To be able to better understand the scientific aspects of plants such as their ecology, physiology and distribution; to find more ways how to maximally utilize the plants within one’s backyard and the wild, to make a difference in the world and to enable us to flourish in health and life; to enable us to assess the status of plants and set strategies for conservation and propagation of those that are endangered.
Growing up in a humble family in wabigalo, a Kampala city suburb, his mother laid a foundation for his childhood dream. She preached discipline and total focus for every child in the community. This made him live a life which was a couple of years ahead of his peers and it also enabled him to stand out in whatever he did. He said he wanted to be an agent of positive change in the community in whatever capacity. Komakech particularly valued efforts with spreading effects, whose overall positive impact on the population could be really huge.
He is glad that he was able to do creative activities to handle challenges and desire to improve communities and make the world a better place for everyone. Seeking out opportunities where a small amount of resource, time, or effort could create a huge positive contribution.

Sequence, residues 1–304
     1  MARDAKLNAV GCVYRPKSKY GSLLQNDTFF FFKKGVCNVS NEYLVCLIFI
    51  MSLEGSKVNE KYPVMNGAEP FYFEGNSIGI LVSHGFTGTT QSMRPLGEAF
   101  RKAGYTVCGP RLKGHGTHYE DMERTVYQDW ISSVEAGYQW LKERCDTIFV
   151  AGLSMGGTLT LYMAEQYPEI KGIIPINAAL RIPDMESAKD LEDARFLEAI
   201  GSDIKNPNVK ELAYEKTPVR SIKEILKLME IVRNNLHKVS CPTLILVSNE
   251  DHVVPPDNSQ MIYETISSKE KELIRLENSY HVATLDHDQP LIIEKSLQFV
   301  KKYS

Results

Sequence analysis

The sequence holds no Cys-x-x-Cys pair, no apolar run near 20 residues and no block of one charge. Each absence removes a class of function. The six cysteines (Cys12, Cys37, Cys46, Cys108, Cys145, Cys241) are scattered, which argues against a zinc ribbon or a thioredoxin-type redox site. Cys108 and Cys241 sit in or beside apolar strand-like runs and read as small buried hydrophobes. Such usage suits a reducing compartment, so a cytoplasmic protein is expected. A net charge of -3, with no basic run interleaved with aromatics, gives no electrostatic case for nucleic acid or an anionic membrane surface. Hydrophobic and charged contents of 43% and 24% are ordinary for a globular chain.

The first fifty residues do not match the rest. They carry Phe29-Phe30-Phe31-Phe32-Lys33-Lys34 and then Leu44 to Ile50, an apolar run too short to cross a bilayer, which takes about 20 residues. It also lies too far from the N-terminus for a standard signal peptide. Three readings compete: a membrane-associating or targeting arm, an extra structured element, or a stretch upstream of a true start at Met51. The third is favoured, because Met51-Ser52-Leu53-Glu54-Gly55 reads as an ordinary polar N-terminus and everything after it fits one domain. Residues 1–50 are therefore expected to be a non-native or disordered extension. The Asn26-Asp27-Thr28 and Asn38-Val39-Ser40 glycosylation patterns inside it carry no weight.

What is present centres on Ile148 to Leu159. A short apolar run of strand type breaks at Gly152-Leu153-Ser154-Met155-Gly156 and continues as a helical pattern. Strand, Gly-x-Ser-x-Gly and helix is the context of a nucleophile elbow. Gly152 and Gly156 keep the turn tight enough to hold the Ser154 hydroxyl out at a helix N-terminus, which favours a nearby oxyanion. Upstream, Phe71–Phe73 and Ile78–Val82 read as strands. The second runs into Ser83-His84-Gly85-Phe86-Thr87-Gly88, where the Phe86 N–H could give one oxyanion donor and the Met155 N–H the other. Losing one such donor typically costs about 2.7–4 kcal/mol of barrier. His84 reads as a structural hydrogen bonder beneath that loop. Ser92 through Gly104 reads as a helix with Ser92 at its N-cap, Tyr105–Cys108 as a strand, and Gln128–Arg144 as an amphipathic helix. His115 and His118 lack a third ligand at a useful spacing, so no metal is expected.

Before going to South Korea, Komakech was a teacher of Biology and Chemistry. Komakech taught diligently in a number of schools in Kampala notably, St. Kizito S. S Bugolobi and St. Joseph’s girls S. S. Nsambya. His knowledge and skill in Chemistry, Botany and Zoology earned him employment at the Ministry of Health Natural Chemotherapeutics Research Institute (NCRI) as a research officer in 2011, conducting research on natural products that could be used to prevent and treat human diseases and disorders; but most importantly, research in phytomedicine in which they correctly identify a given medicinal plant, test its quality, safety, and efficacy for use on targeted human disease condition.
Komakech says a single research outcome could have a profound effect on many lives and by applying a relatively small amount of resource on a given research; they had the opportunity to transform the lives of thousands of people throughout the World. He added that he is fortunate to be a Doctor of Philosophy (PhD) student at the University of Science and Technology (UST), Korea Institute of Oriental Medicine (KIOM)-South Korea.